Join Wichita tech entrepreneur Steven Werner as he shares his journey over the next 10 weeks, leading to the launch of his app, Lawn Buddy.

STARTUP DIARIES: LAWN BUDDY

For the next 10 weeks, Steven Werner, founder of the mobile app, Lawn Buddy, will be sharing stories, photos and videos from his life as a Wichita tech entrepreneur.

Join Steven as he shares the ups and downs of running a tech startup in Wichita, alongside a community of young entrepreneurs at GroundWork Startup Hub, an incubator founded by Builders Plus CEO Chris Callen.


WEEK 1:


MEET LAWN BUDDY'S STEVEN WERNER

If you've ever looked out onto your snow-covered driveway or out-of-control lawn and wished you could hire a lawn care professional on the spot, you can probably see the value in Steven Werner's Lawn Buddy concept, which connects lawn care providers to customers with a mobile app and website.

We sat down with Steven to ask him some questions about his life, his business and what it has taken for him to get it off the ground.

You will be hearing more from Steven over the following weeks as he works toward Lawn Buddy's official launch, scheduled for this spring.


Could you start by talking a little bit about yourself and your business?

I am a transplant entrepreneur from Wyoming. Since moving to Wichita, my wife and I created a concept called Lawn Buddy, which is an on-demand lawn care and snow removal service, that connects lawn care providers, or “lawntrepreneurs," to homeowners, with a user-friendly app and website.

So what did you do before, in Wyoming?

Well, my background is rather interesting. About two weeks after graduating high school, I enlisted into the United States Marine Corps. I served a total of four years active and four years inactive with a tour to Afghanistan in 2012. While in the military, I received and took advantage of many training and education opportunities, including college courses through Central Texas College.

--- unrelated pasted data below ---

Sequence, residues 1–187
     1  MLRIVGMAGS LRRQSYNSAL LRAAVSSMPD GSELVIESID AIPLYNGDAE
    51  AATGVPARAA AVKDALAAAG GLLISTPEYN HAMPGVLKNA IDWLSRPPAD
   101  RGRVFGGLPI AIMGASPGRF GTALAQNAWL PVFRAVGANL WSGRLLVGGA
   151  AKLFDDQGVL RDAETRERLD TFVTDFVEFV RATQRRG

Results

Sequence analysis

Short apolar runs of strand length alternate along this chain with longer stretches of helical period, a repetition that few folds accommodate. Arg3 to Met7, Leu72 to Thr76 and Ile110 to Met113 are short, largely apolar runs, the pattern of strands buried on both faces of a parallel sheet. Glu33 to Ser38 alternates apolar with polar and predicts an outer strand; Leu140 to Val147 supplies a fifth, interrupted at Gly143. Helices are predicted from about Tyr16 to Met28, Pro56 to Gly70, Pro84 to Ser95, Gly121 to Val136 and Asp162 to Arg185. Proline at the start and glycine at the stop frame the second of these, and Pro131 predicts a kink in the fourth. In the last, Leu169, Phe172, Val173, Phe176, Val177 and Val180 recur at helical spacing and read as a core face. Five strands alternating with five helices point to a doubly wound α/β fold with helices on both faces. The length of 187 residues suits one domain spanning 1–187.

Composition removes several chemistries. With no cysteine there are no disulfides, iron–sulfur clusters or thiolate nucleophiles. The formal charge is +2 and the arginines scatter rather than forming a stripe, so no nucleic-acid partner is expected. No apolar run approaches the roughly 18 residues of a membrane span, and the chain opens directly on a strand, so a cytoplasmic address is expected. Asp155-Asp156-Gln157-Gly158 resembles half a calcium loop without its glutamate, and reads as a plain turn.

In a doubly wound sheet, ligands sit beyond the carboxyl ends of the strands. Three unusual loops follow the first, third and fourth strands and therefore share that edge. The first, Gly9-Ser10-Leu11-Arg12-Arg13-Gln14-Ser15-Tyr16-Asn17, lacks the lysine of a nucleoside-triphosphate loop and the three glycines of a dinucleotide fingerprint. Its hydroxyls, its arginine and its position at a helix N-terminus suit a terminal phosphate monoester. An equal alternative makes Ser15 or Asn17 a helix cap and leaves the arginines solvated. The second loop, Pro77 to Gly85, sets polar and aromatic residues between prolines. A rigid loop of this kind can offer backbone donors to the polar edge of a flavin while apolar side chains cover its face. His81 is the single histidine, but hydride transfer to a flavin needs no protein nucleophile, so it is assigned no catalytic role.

After leaving the Marine Corps, I went back to my hometown of Kemmerer, Wyoming and began work as a structural project manager and engineering technician for Crank Companies, Inc. While working in Wyoming, I met my wife, Sonya Werner, who is an electrical engineer.

What eventually brought you to Wichita?

We were pretty tired of driving two hours to get to the nearest Walmart, so that's when we started looking into other opportunities. Sonya was soon offered a position in Wichita, and we moved in the fall of 2013.

While in Wichita, I found that, because I did not have an official college degree, I couldn't land a job similar to the one I had in Wyoming.

So what did you do?

Well, I started working armed security and eventually worked at Thunderbird Firearms academy when they opened their location on Greenwich. I also started pursuing a degree in entrepreneurship at Wichita State.

How did you get the idea for Lawn Buddy?

If I'm being truthful, the fear of a good woman and a touch of procrastination led to the idea for Lawn Buddy, rather than my own past experiences.

I came home from class at Wichita State University and our lawn was overgrown. I had been saying what every good husband says to their wife when they want to put off a task: “Ahh, I'll get that first thing tomorrow, dear!” My only problem was, tomorrow was now today. I immediately wished for a lawn care service in which I didn't have to enter into a yearly contract. I just wanted it for that one time.

After looking and finding nothing that matched what I needed, I decided to do it myself. I waited for Sonya to come home and we came up with a loose business model and called it "Lawn Buddy." I never did mow the lawn that day.

When did the business start taking off enough for you to pursue it full-time?